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Estate Planning for the Modern (or Blended) Family
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Jay Pritchett’s family on ABC’s popular sitcom “Modern Family” is a reflection of many families in the U.S. today. Jay (Ed O’Neill) and Gloria (Sophia Vergara) are parents of a blended family – in other words, they are in a second (or third) marriage and have children from multiple marriages.

How does Estate Planning work for a blended family, or a couple who is on their second, third, or fourth marriage?

As a Trust and Estate lawyer in the SF East Bay, I frequently handle estate matters for blended families. In most cases, this typically means you have parents of children who are on their second or third marriage who want to put an estate plan together for themselves.

Usually the couples want their assets to take care of each other during their lifetimes, and afterwards for their assets to be distributed to their children on their sides of the family. In other words, if a couple marries later in life, each spouse wishes for his/her assets to be passed to his/her children once the other spouse dies, and not go to step-children.

As an Estate Planning attorney, my clients are sometimes concerned that after the first spouse dies, the second spouse will be able to make changes to their joint will or trust, perhaps under the influence of a child. These changes might distribute the other spouse’s assets – the deceased’s spouses’s assets – to someone not in the intent of that deceased spouse. 

This is where litigation can arise, so it’s extremely important to plan carefully. To avoid disputes,  these types of matters can typically be resolved through the usage of sub trusts, which become irrevocable upon the death of the first spouse.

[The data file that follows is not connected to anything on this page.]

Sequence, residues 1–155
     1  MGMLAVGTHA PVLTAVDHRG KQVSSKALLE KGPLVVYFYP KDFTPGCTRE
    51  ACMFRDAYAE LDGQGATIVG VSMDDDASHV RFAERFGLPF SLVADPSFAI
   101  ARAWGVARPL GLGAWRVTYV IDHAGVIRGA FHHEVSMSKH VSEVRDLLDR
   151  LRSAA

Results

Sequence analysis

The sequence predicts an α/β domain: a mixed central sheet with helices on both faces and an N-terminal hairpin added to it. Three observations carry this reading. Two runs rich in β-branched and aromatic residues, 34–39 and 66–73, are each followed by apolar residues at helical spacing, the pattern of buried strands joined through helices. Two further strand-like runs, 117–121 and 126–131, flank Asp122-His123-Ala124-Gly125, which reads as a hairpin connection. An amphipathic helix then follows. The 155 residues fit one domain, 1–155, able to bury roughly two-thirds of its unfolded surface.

These sub trusts allow for assets to be placed into different “buckets.” This means that when the first spouse dies, his or her assets are placed in an irrevocable sub trust. An irrevocable trust, by its nature, cannot be changed or revoked. During the lifetime of the surviving spouse, these assets can be used for their care if need be, honoring the intent of the deceased spouse. After the surviving spouse passes, those assets are then distributed to the beneficiaries of the deceased spouse.

In some cases, this can also lead to litigation because the children of the deceased spouse may choose to fight with the surviving spouse over how these funds are used. If there is disharmony, the children of the deceased spouse may not want the majority of these funds used for their stepparent’s care, because it means there will be less money for them.

It’s always in the couple’s best interest to execute an Estate Plan with a reputable Estate Planning attorney. However, even the best estate plans can sometimes result in litigation. That is why I recommend the next important ingredient to Estate Planning for blended families:


Great communication with family members, including children, about what it is that parents want at the end of the day is invaluable. Pre-estate plan mediation or family meetings are a great way to accomplish this. And by this, I mean a situation where the whole family sits down and tries to work out an agreement. This often seems strange to parents – the settlors who are putting the trust and estate plan together – because they essentially feel like they have to get the okay from their children on how they distribute their own estate. However, if these meetings occur and everybody gets on the same page, or at least as much on the same page as possible, it can avoid a nasty and expensive litigation on the back end.

Avoiding litigation is really the most important focus that any estate planning attorney can have. So, I do recommend to my clients that they not only have a well thought out estate plan, but they also have these pre-drafting, pre-signature, or even pre-death meetings to try to hammer out problems and help their children understand what’s going to happen, so they don’t end up with fighting, attorney fees, and destroyed families.

For more questions about Estate Planning for couples in a second, third, fourth – or even sixth marriage with multiple children, call our SF East Bay Estate Planning Lawyers at 925-322-1795 for your consultation.

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